As for the “McMansions” – a lazy term that means “houses I don’t like” – I’d guess that the stats show foreclosures are highest in those new developments that packed expensive houses close together, not the exurb developments built for people who had the credit and the income to qualify for a good loan. Around here, the majority of the foreclosure are in the old inner-city neighborhoods, but that’s another story. Although I’m sure they wear denim there too. For that matter, I’ve seen pictures of George Bush in jeans; the Crawford ranch ought to be on the auction block soon.

Jeans come prewashed and acid-treated to make them look like what they are not — authentic work clothes for horny-handed sons of toil and the soil.

Acid-washed! It’s the latest style! Now, here’s a tune from Poison that’s heading up the charts.

In this century, if you go to the “Gap” or other dry-goods merchants, you will find mostly ordinary jeans, with a few that have been treated to look as if they’ve been broken in. Not because the wearer wants people to think he just got off the farm – a sure path to popularity and respect, that – but because they don’t look like stiff serge-pipes Mom bought for the first day of school.

Akst’s summa contra denim is grand as far as it goes, but it only scratches the surface of this blight on Americans’ surfaces.

At this point I’m thinking this might not be humor. If you’re bringing down Latin to excoriate the evils of jeans, you must be kidding.

Denim is the infantile uniform of a nation in which entertainment frequently features childlike adults (“Seinfeld,” “Two and a Half Men”) and cartoons for adults (“King of the Hill”). Seventy-five percent of American “gamers” — people who play video games — are older than 18 and nevertheless are allowed to vote.

We can gather much from this, aside from the fact that the tea was tepid when served that morning, which always puts one in a querulous humour. We can assume he hasn’t seen more than two seconds of “King of the Hill,” a very clever show that’s firmly on the side of the folk who share his instincts and understands their culture far better than Mr. Will does. (Hank Hill is a man haunted by Oughts of all sorts, constantly parsing the demands of modern life with the Oughts that arise from being a middle-aged Texan father who deals with propane. And propane accessories.) The self-contented sneer against animation suggests no disrespect for the thing itself, but rather the moving drawings aimed at adults. They should content themselves with the amusing engravings in Punch, which stay in one place and do not excite the blood.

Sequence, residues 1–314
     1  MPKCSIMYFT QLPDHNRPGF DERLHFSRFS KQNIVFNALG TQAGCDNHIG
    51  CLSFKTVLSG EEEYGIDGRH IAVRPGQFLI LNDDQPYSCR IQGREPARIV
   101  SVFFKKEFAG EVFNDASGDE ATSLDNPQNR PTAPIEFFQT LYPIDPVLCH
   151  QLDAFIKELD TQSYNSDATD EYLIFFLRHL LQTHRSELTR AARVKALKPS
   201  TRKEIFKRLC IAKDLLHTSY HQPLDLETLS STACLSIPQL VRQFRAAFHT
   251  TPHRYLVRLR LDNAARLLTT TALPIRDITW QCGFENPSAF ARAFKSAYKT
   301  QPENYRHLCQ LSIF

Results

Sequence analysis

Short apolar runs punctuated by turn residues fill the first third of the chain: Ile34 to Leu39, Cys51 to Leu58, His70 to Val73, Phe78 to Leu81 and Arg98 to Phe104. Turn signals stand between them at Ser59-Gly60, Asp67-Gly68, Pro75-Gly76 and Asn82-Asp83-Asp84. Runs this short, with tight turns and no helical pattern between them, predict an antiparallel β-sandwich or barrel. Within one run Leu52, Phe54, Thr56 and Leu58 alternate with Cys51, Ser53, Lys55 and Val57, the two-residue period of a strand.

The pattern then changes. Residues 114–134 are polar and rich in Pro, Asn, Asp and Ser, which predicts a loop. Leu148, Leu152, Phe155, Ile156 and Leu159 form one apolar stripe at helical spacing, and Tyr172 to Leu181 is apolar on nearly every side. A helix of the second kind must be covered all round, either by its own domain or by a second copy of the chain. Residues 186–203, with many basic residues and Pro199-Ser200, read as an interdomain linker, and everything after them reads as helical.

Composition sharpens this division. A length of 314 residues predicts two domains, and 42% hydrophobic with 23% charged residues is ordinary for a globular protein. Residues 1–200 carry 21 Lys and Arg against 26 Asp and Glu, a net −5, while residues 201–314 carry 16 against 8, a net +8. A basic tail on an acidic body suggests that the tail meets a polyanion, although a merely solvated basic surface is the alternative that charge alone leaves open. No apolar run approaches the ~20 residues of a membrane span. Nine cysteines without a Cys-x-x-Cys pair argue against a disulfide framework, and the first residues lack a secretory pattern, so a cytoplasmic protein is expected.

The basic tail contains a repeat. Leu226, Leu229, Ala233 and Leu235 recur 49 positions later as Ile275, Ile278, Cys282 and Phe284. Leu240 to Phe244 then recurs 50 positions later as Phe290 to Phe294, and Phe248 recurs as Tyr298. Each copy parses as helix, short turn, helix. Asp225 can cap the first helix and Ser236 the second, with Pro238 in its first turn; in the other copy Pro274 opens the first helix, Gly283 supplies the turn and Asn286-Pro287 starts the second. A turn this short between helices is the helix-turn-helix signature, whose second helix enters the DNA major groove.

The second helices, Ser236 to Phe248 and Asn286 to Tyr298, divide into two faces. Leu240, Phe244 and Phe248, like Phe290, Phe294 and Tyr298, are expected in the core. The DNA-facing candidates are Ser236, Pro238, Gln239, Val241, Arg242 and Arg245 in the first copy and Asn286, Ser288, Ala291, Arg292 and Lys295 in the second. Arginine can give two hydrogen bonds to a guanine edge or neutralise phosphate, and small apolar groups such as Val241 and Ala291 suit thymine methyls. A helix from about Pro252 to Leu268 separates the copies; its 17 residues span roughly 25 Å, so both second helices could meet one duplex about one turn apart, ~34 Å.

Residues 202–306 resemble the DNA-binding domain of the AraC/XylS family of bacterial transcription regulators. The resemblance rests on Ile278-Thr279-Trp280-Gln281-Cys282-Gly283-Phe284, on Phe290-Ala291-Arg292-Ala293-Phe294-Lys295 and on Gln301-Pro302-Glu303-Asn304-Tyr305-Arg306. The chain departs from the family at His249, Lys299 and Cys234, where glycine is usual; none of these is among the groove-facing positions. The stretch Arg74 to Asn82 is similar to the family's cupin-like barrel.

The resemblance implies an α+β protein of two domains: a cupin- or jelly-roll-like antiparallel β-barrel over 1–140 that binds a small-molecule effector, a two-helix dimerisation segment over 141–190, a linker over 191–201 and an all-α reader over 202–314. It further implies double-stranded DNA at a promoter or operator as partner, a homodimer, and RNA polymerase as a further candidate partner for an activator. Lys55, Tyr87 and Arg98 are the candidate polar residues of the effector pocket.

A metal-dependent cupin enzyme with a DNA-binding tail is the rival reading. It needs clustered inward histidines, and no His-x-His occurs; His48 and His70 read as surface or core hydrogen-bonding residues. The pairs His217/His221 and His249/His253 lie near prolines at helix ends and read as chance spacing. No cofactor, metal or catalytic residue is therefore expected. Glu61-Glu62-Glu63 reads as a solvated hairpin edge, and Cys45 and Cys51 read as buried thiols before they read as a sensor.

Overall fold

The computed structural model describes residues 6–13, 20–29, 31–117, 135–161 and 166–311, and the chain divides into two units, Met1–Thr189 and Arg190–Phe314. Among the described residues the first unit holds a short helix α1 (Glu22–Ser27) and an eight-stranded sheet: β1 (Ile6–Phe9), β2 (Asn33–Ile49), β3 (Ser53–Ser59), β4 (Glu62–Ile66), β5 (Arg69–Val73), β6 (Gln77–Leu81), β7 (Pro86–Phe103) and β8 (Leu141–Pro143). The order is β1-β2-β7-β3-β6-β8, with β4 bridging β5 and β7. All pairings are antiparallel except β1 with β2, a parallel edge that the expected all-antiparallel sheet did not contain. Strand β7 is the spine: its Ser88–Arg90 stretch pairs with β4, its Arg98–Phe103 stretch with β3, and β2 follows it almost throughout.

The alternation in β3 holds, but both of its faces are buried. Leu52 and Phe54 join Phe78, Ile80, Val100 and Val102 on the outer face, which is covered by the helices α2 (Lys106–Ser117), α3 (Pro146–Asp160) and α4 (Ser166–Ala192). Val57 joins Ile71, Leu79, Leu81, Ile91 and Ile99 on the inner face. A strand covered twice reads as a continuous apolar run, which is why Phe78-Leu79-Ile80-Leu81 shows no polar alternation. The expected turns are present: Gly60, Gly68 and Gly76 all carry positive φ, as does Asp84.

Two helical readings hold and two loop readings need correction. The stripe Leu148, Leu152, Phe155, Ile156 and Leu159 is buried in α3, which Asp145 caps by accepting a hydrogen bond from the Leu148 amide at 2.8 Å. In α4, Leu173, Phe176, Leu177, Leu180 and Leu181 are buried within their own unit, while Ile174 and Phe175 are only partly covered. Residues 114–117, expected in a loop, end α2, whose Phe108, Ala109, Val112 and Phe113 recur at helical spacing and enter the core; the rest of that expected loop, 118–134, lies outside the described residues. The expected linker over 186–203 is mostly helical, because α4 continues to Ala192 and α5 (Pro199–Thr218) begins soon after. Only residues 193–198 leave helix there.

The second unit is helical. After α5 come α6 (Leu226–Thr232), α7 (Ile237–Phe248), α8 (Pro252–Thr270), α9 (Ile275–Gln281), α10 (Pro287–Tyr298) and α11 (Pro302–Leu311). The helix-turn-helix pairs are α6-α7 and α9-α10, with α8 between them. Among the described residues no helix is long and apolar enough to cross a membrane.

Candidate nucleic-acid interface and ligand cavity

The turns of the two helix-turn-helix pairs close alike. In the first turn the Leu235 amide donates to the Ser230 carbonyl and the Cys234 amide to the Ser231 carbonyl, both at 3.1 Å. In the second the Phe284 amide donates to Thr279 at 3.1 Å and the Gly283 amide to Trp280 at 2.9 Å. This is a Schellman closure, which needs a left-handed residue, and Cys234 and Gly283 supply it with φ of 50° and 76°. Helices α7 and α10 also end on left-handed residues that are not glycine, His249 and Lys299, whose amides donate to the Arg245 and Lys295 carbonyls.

As for allowing gamers to vote – well, tart, puckish disapproval noted, and keenly felt. I admit that I have used my computer to construct large theme parks, defeat Jedi masters, secure nuclear material in rogue states, and slog through Hell itself. Imaginary pursuits all, and hardly befitting an adult. I should sit myself in a large stadium and watch men in striped suits stand around and spit while waiting for another man to hit a ball with a stick, and I should do this 100 times a year, and I should also issue rhapsodic encomiums to the timeless American nature of watching men stand around and sit an wait for another man to hit the ball with the aforementioned stick. This is what adults do. Unless they are doing it in a simulation on a computer, in case the franchise should be withdrawn. (The vote, not the major-league endorsement of the game.)

I should go the game in a suit, of course.

In their undifferentiated dress, children and their childish parents become undifferentiated audiences for juvenilized movies (the six — so far — “Batman” adventures and “Indiana Jones and the Credit-Default Swaps,” coming soon to a cineplex near you).

The Indiana Jones reference is as incoherent as it is dated, and if a writer is lumping the sixth Batman with the fourth, he’s not exactly demonstrating a nuanced grasp of the culture he purports to critique.

Denim is the clerical vestment for the priesthood of all believers in democracy’s catechism of leveling — thou shalt not dress better than society’s most slovenly.

No one believes this. Find me the most bleeding-hearted social worker who deals with the sullen flotsam all day long, and she’s wearing a nice outfit with sensible, but smart, shoes. But let’s walk that sentence backwards – forget the final commandment, which is nonsense. Is there not an element of leveling in democracy, inasmuch as we share a common set of values that scales up and down from AMERICA F*CK YEAH at the bottom to a qualified but deeply-felt patriotism at the top? Sure. Is this a catechism? No. Does it have priests? Well, depending on the situation, yes; conservatives and liberals alike will celebrate the breadth of the UNUM when it suits their mood. It’s part of that grand vague unmodified civic religion that defines America. But if Denim was its clerical vestment, the President address the nation in Levis, and the First Lady would stand at his side wearing Daisy Dukes.